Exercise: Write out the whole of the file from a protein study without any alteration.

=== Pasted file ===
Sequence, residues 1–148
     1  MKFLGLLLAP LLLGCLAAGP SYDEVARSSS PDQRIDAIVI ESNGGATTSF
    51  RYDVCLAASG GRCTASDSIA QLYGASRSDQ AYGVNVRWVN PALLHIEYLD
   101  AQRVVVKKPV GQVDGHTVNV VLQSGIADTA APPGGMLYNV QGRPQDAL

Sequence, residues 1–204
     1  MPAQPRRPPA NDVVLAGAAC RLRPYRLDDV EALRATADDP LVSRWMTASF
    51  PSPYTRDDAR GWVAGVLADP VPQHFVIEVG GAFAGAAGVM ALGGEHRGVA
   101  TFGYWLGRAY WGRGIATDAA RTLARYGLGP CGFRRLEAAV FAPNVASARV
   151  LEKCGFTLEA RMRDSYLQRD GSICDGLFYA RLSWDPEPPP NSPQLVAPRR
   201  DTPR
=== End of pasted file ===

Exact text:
Sequence, residues 1–148
     1  MKFLGLLLAP LLLGCLAAGP SYDEVARSSS PDQRIDAIVI ESNGGATTSF
    51  RYDVCLAASG GRCTASDSIA QLYGASRSDQ AYGVNVRWVN PALLHIEYLD
   101  AQRVVVKKPV GQVDGHTVNV VLQSGIADTA APPGGMLYNV QGRPQDAL

Sequence, residues 1–204
     1  MPAQPRRPPA NDVVLAGAAC RLRPYRLDDV EALRATADDP LVSRWMTASF
    51  PSPYTRDDAR GWVAGVLADP VPQHFVIEVG GAFAGAAGVM ALGGEHRGVA
   101  TFGYWLGRAY WGRGIATDAA RTLARYGLGP CGFRRLEAAV FAPNVASARV
   151  LEKCGFTLEA RMRDSYLQRD GSICDGLFYA RLSWDPEPPP NSPQLVAPRR
   201  DTPR